Many businesses do not survive beyond their first year because the owner did not have sufficient startup funds. Be sure that you have at least 9 months (preferably 12 months) of your living and business expenses saved before you give up your "day job".
One path to starting your own business is to remain being an employee for another organization while you build your new business. Sometimes you can move to part-time employment while you develop your new business. This usually works for a while, until you reach the point where you need to focus the majority of your energy on your business.
When you decide to completely move to your new business, make sure you have enough startup funding so that you do not feel anxious about finances. The amount of money you need as a safety net will be different for each person, but having enough money to cover 9 to 12 months of living and business expenses is wise. Ask for help, if necessary, to do this type of planning. See the Business Resources page [insert link] for help.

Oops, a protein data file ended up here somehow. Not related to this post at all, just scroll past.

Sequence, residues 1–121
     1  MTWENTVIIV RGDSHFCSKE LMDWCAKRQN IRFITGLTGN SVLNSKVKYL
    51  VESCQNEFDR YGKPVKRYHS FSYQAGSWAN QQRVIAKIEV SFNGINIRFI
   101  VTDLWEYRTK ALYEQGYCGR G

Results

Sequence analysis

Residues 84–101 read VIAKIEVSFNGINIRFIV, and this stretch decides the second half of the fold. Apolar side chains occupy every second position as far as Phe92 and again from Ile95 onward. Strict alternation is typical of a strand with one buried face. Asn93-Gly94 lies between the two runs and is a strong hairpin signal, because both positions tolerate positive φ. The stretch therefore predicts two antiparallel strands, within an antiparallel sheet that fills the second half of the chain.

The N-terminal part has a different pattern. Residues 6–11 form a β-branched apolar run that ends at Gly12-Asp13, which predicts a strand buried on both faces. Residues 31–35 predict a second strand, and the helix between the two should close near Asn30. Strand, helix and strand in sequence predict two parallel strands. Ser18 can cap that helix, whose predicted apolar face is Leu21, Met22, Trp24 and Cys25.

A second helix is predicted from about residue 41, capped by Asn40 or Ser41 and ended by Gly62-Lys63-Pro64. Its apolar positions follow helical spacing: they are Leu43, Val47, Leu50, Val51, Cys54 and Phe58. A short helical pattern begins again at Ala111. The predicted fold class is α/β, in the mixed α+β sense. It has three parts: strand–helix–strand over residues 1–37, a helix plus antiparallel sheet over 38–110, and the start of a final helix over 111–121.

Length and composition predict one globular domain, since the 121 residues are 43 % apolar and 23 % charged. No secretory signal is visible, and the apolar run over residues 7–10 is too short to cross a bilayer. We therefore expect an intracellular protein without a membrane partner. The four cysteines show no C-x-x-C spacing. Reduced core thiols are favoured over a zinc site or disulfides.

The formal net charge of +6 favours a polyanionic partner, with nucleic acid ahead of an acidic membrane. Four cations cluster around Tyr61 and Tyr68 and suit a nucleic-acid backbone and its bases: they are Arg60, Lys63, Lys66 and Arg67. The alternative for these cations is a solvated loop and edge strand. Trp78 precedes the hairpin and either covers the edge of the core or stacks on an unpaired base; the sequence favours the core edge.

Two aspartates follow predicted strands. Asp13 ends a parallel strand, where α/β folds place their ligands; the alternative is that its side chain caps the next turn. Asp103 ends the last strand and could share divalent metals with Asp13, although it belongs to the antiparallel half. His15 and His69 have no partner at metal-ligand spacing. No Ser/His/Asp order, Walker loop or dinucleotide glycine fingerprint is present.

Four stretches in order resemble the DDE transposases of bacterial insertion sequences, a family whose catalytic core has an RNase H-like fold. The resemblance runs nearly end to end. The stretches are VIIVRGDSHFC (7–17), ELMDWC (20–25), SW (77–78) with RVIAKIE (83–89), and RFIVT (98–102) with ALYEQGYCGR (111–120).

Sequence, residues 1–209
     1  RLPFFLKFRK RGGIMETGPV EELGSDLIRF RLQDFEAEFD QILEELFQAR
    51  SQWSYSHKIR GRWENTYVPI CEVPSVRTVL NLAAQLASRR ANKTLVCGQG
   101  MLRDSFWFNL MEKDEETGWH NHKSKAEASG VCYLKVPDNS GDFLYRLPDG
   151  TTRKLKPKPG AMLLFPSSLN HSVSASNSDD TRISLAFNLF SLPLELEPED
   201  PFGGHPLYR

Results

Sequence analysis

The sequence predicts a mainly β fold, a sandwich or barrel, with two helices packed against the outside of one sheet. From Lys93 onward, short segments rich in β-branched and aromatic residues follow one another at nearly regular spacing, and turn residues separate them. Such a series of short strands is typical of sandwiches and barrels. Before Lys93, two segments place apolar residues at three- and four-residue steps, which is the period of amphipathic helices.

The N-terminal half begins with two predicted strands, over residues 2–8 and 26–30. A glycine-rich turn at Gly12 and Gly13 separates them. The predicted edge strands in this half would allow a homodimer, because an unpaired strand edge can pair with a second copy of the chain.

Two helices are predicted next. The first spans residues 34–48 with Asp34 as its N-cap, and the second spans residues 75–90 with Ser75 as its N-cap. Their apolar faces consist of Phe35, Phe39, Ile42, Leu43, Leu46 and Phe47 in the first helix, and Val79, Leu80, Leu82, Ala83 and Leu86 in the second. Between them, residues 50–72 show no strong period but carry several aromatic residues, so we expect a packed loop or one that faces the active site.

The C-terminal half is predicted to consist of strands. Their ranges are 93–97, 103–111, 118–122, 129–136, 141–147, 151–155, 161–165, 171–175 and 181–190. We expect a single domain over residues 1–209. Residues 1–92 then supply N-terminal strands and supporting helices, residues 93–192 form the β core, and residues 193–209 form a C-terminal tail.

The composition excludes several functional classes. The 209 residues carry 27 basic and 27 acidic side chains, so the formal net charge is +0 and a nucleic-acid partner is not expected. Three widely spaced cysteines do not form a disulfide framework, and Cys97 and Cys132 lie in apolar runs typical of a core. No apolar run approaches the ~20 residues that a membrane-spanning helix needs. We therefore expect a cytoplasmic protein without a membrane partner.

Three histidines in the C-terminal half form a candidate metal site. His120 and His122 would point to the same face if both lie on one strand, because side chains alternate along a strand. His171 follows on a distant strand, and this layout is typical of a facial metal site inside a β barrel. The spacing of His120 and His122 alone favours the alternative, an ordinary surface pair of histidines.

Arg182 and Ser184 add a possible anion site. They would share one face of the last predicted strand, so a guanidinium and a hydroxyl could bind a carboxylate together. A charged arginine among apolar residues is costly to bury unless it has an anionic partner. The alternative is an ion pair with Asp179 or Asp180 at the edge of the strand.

Tip: Take on as little overhead as you can for as long as you can. It is best to have the growth of the business push you into the next level of expansion rather than have an expanded operation from the beginning and hope to grow into it.
One way to save on your monthly overhead expense is to work from home. Of course, this depends on your services, and working from home has its pluses and minuses. The obvious plus is that it may save money and time. Consult your tax advisor for specific advice on this. The disadvantages are that you might bring people into your home who you do not know and it might be a disruption to any people who live with you.
If a home office is not practical or appealing, you can compare sharing office space with having a space dedicated to you. Shared office space is usually less expensive and it can boost your clients if your office mates refer clients to you.